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What not to do when it’s cold outside


1. Don’t light up your wood-burning fireplace. A crackling fire doesn’t contribute much heat to your room. Plus, the open flue sucks the heated air out of your house through the chimney. Burning a fire in the hearth when the temperature dips can increase your heating bills. 2. Don’t overstuff your refrigerator. Stacking left- overs on top of each other and squeezing extra containers of food onto every refrigerator shelf will prevent the air from circulating between, over top and around them. That forces the appliance’s com- pressor to work harder and use more electricity. 3. Don’t crank the thermostat way up to heat a cold house in a hurry. Turning the heat up to 90 degrees won’t warm up a 70-degree house any quicker than turning it up to 73 degrees, and if you forget to turn the thermostat back down before your house over- heats, that’s a waste of energy. 4. Don’t run bathroom and kitchen exhaust fans any longer than you have to. Flip them on to clear smoke while cooking and steam while showering. Once the air clears, turn them off. They pull heated air from your home, which can cause your heater to run longer than necessary. 5. Don’t use a barbecue grill or a propane patio heater indoors, even if your central heating system is on the fritz. This is a fire hazard and can expose your family to carbon monoxide poisoning. 6. Don’t leave a space heater running when you leave the house. Even if the room will be cold when you return, shut off portable heaters if you’re not going to be there to see them topple over, over- heat or catch something on fire. 7. Don’t turn off your ceiling fans. Ceiling fans save energy during the summer and winter. The trick: Reverse the direction that the blades spin. Heat rises, so in the winter, the blades should blow warm air down into the room. 8. Don’t close the blinds. No matter how cold it is outside, letting the sun shine into your room will warm it up and give your heating system a break. Close blinds and curtains after dark. 9. Don’t close off unused rooms. If you do, you re- strict the flow of air to your heating system. Cutting off that air flow makes your heater run longer and work harder to maintain a comfortable temperature in the rest of the house. 10. Don’t turn your furnace completely off, even if you’re going on an extended winter vacation. Set the thermostat to 55 degrees so the plumbing pipes in an unheated house won’t freeze and burst.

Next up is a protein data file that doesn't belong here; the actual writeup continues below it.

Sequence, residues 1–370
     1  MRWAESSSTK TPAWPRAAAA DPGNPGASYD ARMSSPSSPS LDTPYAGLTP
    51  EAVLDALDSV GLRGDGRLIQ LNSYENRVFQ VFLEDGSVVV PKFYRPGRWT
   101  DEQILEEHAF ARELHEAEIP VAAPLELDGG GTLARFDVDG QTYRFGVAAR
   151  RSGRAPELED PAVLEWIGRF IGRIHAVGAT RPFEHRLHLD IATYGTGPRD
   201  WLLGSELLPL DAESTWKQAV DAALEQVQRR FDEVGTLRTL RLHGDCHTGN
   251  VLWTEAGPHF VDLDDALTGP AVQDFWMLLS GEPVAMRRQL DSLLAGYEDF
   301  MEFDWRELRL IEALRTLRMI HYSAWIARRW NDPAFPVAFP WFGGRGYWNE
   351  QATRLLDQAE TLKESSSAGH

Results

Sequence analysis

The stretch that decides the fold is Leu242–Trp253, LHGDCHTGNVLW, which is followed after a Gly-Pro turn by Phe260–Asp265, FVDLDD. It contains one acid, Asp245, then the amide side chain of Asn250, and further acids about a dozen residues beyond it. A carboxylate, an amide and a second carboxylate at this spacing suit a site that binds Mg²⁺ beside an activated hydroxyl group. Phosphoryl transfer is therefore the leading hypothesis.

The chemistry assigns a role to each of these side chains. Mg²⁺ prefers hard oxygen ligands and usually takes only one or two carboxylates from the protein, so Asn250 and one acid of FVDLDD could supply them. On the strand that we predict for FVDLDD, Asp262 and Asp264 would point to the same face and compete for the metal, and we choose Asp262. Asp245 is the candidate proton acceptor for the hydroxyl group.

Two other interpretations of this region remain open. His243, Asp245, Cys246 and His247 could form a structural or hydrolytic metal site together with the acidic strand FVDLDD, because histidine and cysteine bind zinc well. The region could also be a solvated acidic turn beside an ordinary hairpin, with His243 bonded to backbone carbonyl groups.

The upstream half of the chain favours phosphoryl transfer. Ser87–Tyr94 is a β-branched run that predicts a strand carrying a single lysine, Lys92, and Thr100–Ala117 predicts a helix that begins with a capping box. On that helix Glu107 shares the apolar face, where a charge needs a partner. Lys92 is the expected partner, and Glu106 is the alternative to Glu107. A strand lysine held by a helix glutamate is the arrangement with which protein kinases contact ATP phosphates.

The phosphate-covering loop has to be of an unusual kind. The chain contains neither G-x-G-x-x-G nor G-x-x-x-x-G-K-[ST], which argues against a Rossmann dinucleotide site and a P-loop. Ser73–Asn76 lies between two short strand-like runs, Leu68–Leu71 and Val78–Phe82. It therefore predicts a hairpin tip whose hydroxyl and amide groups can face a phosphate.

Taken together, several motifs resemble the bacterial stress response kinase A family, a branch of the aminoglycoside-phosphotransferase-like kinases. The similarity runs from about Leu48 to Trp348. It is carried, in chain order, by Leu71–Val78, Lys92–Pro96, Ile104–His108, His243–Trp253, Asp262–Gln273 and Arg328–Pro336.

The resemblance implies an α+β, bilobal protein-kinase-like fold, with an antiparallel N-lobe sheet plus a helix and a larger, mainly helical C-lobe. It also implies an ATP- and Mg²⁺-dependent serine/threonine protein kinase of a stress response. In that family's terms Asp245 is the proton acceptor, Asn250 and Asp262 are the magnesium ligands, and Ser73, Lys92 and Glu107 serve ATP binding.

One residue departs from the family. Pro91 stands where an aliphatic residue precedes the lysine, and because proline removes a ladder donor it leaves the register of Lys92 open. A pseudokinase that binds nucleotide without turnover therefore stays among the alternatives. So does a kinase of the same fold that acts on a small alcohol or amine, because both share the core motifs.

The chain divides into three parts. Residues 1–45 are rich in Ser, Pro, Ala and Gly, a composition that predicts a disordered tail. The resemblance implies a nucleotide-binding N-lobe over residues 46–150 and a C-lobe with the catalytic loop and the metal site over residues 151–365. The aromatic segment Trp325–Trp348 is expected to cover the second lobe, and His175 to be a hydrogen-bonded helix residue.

Tanks for 30 years of Service


Two 12,000 gallon tanks were retired after


providing fuel for Cimarron vehicles for the past 30 years.


Effective February 1st, 2014


Member prices for A.O. Smith water heaters will increase to the following amounts: New Construction or replacing gas = $175 Replacing existing electric water heater = $225 These prices are for 30,40 or 50 gallon tanks in stock. Smaller and larger tanks available. Marathon Tanks are also available. Call for Pricing.


Cimarron’s


office will be closed on Monday, Feb. 17th for President’s Day!


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